The following products and treatments require an investment in money but can be expected to more than pay for themselves over time; this from future reductions in consumption and costs.

  • Invest in a programmable thermostat that can be set to automatically turn down heat at designated times; i.e., at night, or when you’re not at home.
  • Caulking and weather-stripping are relatively inexpensive and can save 5 to 30% on heating bills. Check for drafts, cracks and gaps. Some areas where cool air can penetrate: window frames, around doors, wall or window-mounted air conditioners, attic hatches, baseboards, switch plates, electrical outlets, and foundations (For a great guide to locating air leaks, see the Energy.gov guide to detecting air leaks. In general, you’ll want to weather-strip between moving parts, like doors and their frames; and caulk between nonmoving parts, like window frames and walls.
  • Be sure to have adequate insulation in walls, ceilings, attics and basements. Seal and insulate water pipes and warm air ducts in unheated spaced (For more information on insulation, go the same Department of Energy website, but click on “Insulation & Air Sealing” after you click on “consumers.”). 
  • Set your thermostat at a lower overall temperature, and use space heaters for one or a few frequently-used rooms. Heaters can start fires, so be sure to keep them at least three feet from combustible items and turn off before leaving a room or going to sleep. Supervise children and pets when using heaters.
  • In areas with colder climates, replace drafty single-pane windows, doors and skylights with products designed for these climates, such as thermal and storm windows and doors.
  • When it’s time to replace that old furnace, replace it with a fuel-efficient model. When selecting a new furnace, look for one that has earned the Energy Star. These burners meet strict energy efficiency guidelines set by the EPA and U.S. Department of Energy, and use about 10% less energy than a standard burner.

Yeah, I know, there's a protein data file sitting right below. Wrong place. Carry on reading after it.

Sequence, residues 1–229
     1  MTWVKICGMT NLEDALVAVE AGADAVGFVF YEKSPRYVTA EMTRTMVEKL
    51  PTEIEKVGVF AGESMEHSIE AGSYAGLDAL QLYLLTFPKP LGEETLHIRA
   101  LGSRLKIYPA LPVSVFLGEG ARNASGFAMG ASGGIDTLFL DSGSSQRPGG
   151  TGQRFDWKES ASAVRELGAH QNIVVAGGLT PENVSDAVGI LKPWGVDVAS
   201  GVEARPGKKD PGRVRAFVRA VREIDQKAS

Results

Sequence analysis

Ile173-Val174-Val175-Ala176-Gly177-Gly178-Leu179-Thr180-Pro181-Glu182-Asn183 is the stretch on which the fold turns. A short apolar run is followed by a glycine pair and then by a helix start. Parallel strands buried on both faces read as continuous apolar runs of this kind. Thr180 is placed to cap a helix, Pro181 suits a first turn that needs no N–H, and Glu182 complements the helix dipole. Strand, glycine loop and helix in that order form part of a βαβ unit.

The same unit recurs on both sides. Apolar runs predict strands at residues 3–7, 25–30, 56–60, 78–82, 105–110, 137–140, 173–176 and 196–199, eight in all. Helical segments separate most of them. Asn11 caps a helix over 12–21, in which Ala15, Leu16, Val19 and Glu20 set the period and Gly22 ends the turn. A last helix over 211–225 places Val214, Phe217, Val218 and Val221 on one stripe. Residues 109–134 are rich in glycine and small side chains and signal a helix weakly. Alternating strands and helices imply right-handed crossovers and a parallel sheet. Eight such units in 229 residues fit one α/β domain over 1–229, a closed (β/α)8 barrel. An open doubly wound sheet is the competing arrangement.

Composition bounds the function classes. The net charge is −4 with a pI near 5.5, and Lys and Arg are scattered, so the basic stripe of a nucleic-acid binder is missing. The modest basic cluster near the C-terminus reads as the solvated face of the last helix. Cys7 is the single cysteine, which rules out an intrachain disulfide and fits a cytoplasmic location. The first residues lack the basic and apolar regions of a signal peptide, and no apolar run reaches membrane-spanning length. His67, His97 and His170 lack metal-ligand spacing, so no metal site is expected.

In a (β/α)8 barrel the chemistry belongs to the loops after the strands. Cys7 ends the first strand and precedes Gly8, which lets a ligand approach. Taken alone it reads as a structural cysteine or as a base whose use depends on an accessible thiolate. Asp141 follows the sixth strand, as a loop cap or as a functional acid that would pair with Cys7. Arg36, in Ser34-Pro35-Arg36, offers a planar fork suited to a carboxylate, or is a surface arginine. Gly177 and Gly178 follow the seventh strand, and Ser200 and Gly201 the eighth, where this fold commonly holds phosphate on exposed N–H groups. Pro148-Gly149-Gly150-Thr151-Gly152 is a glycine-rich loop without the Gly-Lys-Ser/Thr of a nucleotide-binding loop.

• If you do not have a service contract, pay to have your furnace inspected and tuned on an annual basis. The savings in heating costs far exceed the service cost.
  • Replace your furnace’s air filter according to manufacturer’s directions and your system will operate more efficiently; usually about once every one to three months.
  • A “draft stopper” effectively seals your fireplace from any heat loss, even more so than a closed damper. A draft stopper is an inflatable “pillow” that you insert into the flue, and its design allows for easy removal and reinsertion. A glass front or glass screen will also reduce fireplace heat loss.
  • Add a dryer vent seal to your clothes dryer vent opening, where heated air commonly pours out all winter long. Typical sheet metal flappers do not effectively seal against air leakage. A dryer vent seal stays closed unless the dryer is in use. 
  • Consider using an electric blanket in a cool bedroom; it’s much less expensive than heating your bedroom to a toasty temperature.
  • Install a low-flow shower head; it will use up to 50% less hot water.
  • Cover your water heater with an insulating jacket.

We can’t stop Old Man Winter from sending us frosty air and shivery snow this winter, but we can keep our furnaces efficiently running, our water pipes from freezing, and we can lower those big bills by 20 percent or more. With a little time, investment and application of our cost-busting suggestions, both your home and your wallet will hopefully be a little more insulated and padded this winter.